9/11 Anniversary



It seems like it happened only a short time ago but today marks the 12th Anniversary of the attack on the World Trade Centres and the Pentagon. It was a day that no one watching or involved would ever forget – and because of subsequent actions taken it became the defining moment in our modern history.

Jill had picked me up from work early that day, for some reason I was finished at 1pm and we headed back to my parent’s house where i was still living. Just as we were about to get out of the car the news reported the story that a plane had crashed into one of the Twin Towers of the World Trade Centre. We headed in a switched on the TV to see the now famous image of the first tower billowing with smoke. Such a tragic accident we thought.

Not a minute later we saw the second plane strike the other tower and the world changed forever. We knew then that it was no accident and the news changed from pity to panic. What unfolded in the next few hours will live in my memory as long as it functions. I think I watched TV continuously through until about midnight when it was getting dark in New York and no new news was forthcoming.

Watching the towers crumble to the ground was eerie as there was a silence as no one in the news studios or at Ground Zero could believe what they were witnessing. It felt like an attack on everyone – you were an American and a fellow human all standing watching the horror together in shock.

We know with hindsight that this was the day that made the world an even less safe place – the reactions and lies from politicians and the ongoing erosion of our civil liberties across the world stem from this day. Not to say that we overexaggerated across the board but there are areas where laws were introduced which suited the politics and not the countries involved.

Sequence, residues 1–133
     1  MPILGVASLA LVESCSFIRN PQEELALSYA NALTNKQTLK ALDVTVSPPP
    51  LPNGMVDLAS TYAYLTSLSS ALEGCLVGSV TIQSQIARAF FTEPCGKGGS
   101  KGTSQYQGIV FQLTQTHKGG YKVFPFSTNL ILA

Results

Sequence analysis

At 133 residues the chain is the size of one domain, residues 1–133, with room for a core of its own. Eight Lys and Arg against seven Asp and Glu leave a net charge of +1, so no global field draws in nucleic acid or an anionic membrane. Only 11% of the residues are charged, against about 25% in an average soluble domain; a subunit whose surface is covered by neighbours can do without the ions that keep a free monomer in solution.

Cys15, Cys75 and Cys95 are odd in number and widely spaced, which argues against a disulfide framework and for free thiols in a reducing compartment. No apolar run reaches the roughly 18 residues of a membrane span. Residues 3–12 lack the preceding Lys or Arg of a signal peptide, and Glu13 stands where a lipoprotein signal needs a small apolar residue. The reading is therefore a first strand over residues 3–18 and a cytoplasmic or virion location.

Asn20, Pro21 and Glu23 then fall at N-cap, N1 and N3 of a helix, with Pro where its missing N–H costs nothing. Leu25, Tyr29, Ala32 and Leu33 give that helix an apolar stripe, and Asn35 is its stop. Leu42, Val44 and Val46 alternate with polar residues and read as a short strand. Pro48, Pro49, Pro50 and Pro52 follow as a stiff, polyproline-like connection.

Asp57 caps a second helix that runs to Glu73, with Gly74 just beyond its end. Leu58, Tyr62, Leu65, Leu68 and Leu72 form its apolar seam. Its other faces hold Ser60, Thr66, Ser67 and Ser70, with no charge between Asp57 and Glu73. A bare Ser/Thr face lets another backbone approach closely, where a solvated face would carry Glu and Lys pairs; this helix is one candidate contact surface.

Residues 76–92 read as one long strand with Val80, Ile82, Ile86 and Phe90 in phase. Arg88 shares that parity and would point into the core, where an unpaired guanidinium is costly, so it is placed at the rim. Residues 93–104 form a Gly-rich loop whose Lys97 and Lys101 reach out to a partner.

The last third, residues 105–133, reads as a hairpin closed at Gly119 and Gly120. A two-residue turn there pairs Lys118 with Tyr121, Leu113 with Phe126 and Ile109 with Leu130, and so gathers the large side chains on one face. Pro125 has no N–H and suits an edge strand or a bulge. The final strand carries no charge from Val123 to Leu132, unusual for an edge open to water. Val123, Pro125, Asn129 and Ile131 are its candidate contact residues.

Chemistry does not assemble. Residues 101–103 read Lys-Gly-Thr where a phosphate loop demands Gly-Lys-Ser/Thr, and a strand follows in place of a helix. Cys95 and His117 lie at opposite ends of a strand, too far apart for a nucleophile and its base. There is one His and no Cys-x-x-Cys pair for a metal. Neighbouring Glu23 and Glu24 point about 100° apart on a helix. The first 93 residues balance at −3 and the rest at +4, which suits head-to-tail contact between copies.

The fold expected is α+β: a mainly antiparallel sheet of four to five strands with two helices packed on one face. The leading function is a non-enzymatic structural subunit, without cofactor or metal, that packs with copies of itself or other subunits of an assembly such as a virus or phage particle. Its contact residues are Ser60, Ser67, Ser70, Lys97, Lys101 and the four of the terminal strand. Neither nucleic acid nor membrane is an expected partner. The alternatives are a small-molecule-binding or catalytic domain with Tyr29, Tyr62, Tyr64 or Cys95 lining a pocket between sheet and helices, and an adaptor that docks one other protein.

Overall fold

Here we are over a decade later and the shadow of that day still hangs over us. The sad thing is that the bravery and loss of that day has now been lost behind a bitterness about Afghanistan and Iraq. We need to remember that while this was an attack by a small group is was about humanity which is something which I feel we have lost to large degree. We need to see beyond the labels and racial profiling and remember that everyone lost that day, there were no winners and there never will be.

The deaths of those near three thousand has been forgotten and we should take a moment to remember that this happened in the developed world to people just like us. All skin tones, religions and backgrounds. What we need to remember each 9/11 is that feeling of togetherness we felt in sharing the grief and shock felt – not the anger and revenge that followed. Harvesting the original reaction is the best way to move forward and rebuild these fragile international connections damaged in these attacks.


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